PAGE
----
Even as India heads into election season, a number of important developments in its foreign relations are underway. On September 6, India and the United States will hold their first “two-plus-two dialogue” in New Delhi, where U.S. Secretary of State Mike Pompeo and Secretary of Defense James Mattis will meet with their counterparts in India. 2018 has already been a major year for high-level Indian summitry, with Prime Minister Narendra Modi meeting with Chinese President Xi Jinping in Wuhan in April and Russian President Vladimir Putin in Sochi in May, as well as an upcoming trip to Japan to meet with Japanese Prime Minister Shinzo Abe. Other developments, including in India’s immediate neighborhood in Nepal, Bangladesh, and the Maldives, and in relations with Pakistan amid recent elections in that country, are also assuming important characteristics.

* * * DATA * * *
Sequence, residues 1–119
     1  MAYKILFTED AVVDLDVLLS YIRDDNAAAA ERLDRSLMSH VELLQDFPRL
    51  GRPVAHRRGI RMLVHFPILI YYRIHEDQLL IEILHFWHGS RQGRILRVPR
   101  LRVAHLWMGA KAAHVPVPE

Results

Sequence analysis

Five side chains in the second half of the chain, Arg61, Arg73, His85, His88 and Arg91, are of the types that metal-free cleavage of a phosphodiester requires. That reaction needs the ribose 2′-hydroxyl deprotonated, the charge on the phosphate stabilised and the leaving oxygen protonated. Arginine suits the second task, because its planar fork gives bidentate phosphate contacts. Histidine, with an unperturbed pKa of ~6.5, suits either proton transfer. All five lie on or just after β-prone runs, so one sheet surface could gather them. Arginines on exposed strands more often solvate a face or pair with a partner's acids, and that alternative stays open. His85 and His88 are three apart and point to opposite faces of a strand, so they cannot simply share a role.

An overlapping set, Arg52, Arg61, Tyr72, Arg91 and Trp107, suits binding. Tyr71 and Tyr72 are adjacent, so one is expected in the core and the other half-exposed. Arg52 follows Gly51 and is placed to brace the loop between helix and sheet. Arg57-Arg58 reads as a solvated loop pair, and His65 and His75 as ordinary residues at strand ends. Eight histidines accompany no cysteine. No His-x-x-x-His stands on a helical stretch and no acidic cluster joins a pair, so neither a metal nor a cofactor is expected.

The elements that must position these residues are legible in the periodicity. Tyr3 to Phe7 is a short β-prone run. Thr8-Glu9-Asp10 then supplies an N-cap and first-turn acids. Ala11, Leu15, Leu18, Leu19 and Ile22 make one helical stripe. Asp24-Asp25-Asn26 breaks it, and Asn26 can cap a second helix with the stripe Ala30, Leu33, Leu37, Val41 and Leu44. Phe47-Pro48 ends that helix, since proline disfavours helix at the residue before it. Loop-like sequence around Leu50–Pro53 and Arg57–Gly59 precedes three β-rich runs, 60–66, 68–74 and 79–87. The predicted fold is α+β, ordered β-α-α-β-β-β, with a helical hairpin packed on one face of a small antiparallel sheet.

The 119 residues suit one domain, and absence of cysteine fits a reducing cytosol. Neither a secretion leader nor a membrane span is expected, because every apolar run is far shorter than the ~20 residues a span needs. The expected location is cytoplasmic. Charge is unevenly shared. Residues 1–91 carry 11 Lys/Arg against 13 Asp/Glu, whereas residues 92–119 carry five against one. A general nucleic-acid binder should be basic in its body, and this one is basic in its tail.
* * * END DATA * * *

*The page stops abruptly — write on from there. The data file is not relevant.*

In light of these events, on September 13, The India Project hosted a panel of experts to look at the current state of Indian foreign policy. Panelists discussed the “two-plus-two dialogue,” India’s engagement with neighboring countries, and Indian relations with major powers, including China and the United States. The panel discussion also touched on Afghanistan and Pakistan, regional connectivity and institutions, and the broader strategic context in Asia.
After the discussion, panelists took questions from the audience.
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With the downward trajectory in [U.S.-China] relations, the incoming ambassador ideally will need to have a visible connection to the president and his senior advisers, familiarity with the range of issues that comprise the relationship, and a future in American politics. The more the ambassador is seen as likely to wield influence in the future on issues affecting China, the higher the cost and risk for Beijing to mistreat him/her.